TDOA: Your new album, Dansette Dansette, is being released later this month in the US by Slumberland which makes you label mates with The Pains of Being Pure At Heart. Often they get compared to bands that you have been involved with in the past, like Talulah Gosh or Heavenly. Here you are in the present with Tender Trap, releasing music at the same time as other bands like TPOBPAH …. How does this effect your approach to creating new music? Is it harder to write songs knowing that your contempories are kind of approaching the sound as though it were a revival of twee/indie-pop, while it effectively never really died for you?

AF: I don’t think that bothers us at all. What is great is to be part of a vibrant scene, one that knows instinctively that pop music and punk have a lot in common – inventiveness, anti-corporate attitudes, independence. Age doesn’t make much difference (although if you asked younger bands what they think about having veterans like us around, they may say a different thing). We’ve always composed and recorded new songs, only occasionally playing old ‘hits’, and I think that’s why we have more in common with the newer bands than older ones who just play their old stuff.

TDOA: Now that Tender Trap is a 5 piece, do you feel less limited as to what can be performed live and when you’re recording? How was your experience recording your latest album different from your previous albums?

AF: 5 people means that more surprising things can happen when new songs are rehearsed, and it all happens very quickly. And we are released from the tyranny of playing with a deviant drum machine. Recording the new LP was really really great fun: the band is a good gang to be in, and I think that comes through on the LP.

TDOA: Between the 5 of you, we could probably make a list of over 10 bands that each of you have been a part of or were linked to – That’s a lot of music! How do you keep things fresh for each project? Do you ever feel pressure to make sure each of these endeavors has it’s own distinct personality?

AF: I think that a few years ago we did what a lot of bands do when they’ve been making music for a while – they try to be more sophisticated. That’s what FILM MOLECULES was like. Very thought-out and controlled. It’s much more dynamic again now though, because there are five strong personalities in the band none of whom are arsed with sophistication and control. Having said that, we spend more time trying to get the lyrics good. Maybe because we are thinking that there are more people listening.

TDOA: Are there any other projects that any of you are currently involved with outside of Tender Trap? How do you balance out the responsibility or decide which venture takes precedence?

AF: Elizabeth has her own band, Allo Darlin. which is doing really well and plays a lot more gigs than we do. We have to juggle dates with hers, but it works out ok. I do Economics, Rob makes TV drama programmes, John has about three jobs and Katrina works for The Guardian newspaper.

TDOA: A lot of your songs (I’m thinking of “Fireworks” specifically) sort of hearken back to that carefree 60′s girlgroup sound, but I can also detect a bit of even a psych-pop influence on your first album (the opener “Fin” had me thinking of The United States of America and Stereolab) and of course, the band also seems to be influenced by indie rock as a whole. Is this reflective of the music you grew up with? What albums do you think of as creative touchstones? Can you remember the last album you memorized from start to finish?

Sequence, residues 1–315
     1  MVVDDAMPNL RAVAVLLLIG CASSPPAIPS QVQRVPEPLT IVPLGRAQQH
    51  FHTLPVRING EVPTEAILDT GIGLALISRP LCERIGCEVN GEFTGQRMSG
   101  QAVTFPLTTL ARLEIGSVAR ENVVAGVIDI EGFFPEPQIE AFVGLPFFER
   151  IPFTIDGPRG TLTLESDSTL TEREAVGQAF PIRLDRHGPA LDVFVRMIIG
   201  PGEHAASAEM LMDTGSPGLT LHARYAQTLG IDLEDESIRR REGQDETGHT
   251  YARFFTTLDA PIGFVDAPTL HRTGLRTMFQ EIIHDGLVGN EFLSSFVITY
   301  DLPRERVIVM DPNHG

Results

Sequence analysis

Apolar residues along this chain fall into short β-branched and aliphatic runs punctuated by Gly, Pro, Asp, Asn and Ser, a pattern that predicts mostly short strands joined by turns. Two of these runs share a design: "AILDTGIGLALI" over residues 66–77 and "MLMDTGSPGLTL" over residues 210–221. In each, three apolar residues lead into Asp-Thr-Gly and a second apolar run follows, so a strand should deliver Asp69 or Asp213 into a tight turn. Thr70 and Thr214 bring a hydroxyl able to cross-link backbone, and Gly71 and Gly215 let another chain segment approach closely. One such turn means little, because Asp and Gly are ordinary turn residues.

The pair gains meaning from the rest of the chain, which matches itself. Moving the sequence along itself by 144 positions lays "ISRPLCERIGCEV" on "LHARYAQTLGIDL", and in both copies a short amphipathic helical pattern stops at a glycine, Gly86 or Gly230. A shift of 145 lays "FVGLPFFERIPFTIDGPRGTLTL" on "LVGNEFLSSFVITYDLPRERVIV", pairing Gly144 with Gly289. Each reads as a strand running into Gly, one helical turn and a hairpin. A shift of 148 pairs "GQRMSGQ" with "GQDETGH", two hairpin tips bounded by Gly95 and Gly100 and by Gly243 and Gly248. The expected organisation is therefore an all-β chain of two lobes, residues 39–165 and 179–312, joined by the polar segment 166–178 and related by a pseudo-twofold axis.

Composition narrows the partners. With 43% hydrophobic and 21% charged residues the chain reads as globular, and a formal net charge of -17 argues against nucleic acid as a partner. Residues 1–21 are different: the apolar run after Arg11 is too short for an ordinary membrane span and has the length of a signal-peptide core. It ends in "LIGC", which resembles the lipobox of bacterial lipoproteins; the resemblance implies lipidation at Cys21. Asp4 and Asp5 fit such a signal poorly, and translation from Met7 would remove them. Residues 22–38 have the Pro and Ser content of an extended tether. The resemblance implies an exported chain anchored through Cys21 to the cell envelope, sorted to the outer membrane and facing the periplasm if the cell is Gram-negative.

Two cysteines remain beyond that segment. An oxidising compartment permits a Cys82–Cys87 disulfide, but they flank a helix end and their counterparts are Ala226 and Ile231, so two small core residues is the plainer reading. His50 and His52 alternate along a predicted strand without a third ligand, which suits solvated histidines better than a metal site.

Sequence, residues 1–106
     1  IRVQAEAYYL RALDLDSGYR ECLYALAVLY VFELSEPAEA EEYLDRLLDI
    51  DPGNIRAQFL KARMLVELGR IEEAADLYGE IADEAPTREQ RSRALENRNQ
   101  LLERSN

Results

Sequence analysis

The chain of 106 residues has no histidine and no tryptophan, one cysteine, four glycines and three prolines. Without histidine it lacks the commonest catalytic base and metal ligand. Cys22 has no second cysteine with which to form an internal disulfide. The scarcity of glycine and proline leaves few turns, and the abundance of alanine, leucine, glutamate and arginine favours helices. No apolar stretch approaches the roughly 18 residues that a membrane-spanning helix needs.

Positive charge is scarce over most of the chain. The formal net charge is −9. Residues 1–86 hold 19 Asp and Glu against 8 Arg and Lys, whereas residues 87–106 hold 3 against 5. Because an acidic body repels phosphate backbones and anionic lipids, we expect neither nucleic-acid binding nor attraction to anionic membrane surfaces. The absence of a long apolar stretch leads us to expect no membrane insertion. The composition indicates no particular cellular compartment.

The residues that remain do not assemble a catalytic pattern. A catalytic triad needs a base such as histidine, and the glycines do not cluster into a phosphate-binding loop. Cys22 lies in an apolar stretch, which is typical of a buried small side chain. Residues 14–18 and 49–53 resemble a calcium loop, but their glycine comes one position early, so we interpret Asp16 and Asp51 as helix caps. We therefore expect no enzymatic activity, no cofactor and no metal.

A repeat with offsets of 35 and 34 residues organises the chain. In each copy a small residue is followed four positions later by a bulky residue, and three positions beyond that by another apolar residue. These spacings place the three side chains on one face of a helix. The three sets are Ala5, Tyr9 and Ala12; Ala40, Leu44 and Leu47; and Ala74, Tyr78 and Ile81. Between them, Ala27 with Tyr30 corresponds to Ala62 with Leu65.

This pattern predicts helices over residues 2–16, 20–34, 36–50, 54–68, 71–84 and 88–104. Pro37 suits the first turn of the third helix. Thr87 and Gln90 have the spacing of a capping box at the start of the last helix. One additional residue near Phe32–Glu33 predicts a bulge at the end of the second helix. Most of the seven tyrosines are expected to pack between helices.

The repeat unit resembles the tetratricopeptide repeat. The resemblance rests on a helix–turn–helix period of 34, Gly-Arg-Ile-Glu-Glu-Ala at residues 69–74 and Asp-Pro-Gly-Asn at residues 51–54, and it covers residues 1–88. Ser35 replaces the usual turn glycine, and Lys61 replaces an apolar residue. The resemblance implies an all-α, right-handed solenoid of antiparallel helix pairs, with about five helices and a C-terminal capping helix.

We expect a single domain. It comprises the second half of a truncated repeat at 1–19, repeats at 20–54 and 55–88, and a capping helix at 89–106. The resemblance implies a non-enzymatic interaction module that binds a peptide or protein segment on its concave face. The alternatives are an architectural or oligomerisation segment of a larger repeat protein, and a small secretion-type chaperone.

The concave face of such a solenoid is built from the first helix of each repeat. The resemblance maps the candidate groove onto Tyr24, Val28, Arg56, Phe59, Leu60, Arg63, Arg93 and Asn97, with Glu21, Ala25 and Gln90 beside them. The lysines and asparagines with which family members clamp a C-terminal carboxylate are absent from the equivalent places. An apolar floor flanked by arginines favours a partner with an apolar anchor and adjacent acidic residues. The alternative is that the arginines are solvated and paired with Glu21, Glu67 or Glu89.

AF: The last LP Rob pretty much memorized from start to finish was Sumday by Grandaddy. Mine was You Can’t Hide Your Love Forever by Orange Juice. A long time ago, but as you get older your memory starts to weaken.

TDOA: Your last full length (6 Billion People) came out 4 years ago, so there’s be an obvious lag in release time between LPs. When you put a project on hiatus like that, what sort of things do you do during that downtime to ensure that the creative process doesn’t die? As older artists, how do you deal with juggling the more “adult” aspects of your life (i.e. work, kids, jobs) with your lives as musicians?

AF: You don’t really need to do anything to keep it alive – we find that ideas for songs keep coming. The question is whether you can find the time (and the collaborators) to do anything with them. We did have to stop for a bit because our two daughters (Dora and Ivy) were too little to be left alone. But they’re old enough now, and they have formed a band of their own (called ‘The Fire Girls’), so they seem to understand our activities. Jobs are always an obstacle, but that’s always been the case.

TDOA: It’s an obvious statement, but times have definitely changed for the music industry since your C86 days. I remember catching Heavenly’s video for Trophy Girlfriend on MTV’s 120 Minutes but today you’d have to probably resort to YouTube in order to watch a band’s newest video. Each of you has matured past the golden years of indie rock and into a time where one can simply type an album’s title into Google and download it. How has your experience as musicians changed in the past 15 years? Can you share with us how you’ve adapted as artists during a time where information is practically instant?

AF: Well, we make our own videos for no money and edit them at home for no money, and then people get to see them – so that’s good. People seem to love 7inch singles, all over again, but in a way that is mildly nostalgic and fetishistic. They remind you of a time when it really felt like a triumph to get hold of, say, the new Fire Engines single. You had to really seek it out, which made it feel very special, and meant that the scene was full of very committed, determined people. But is that so different from now?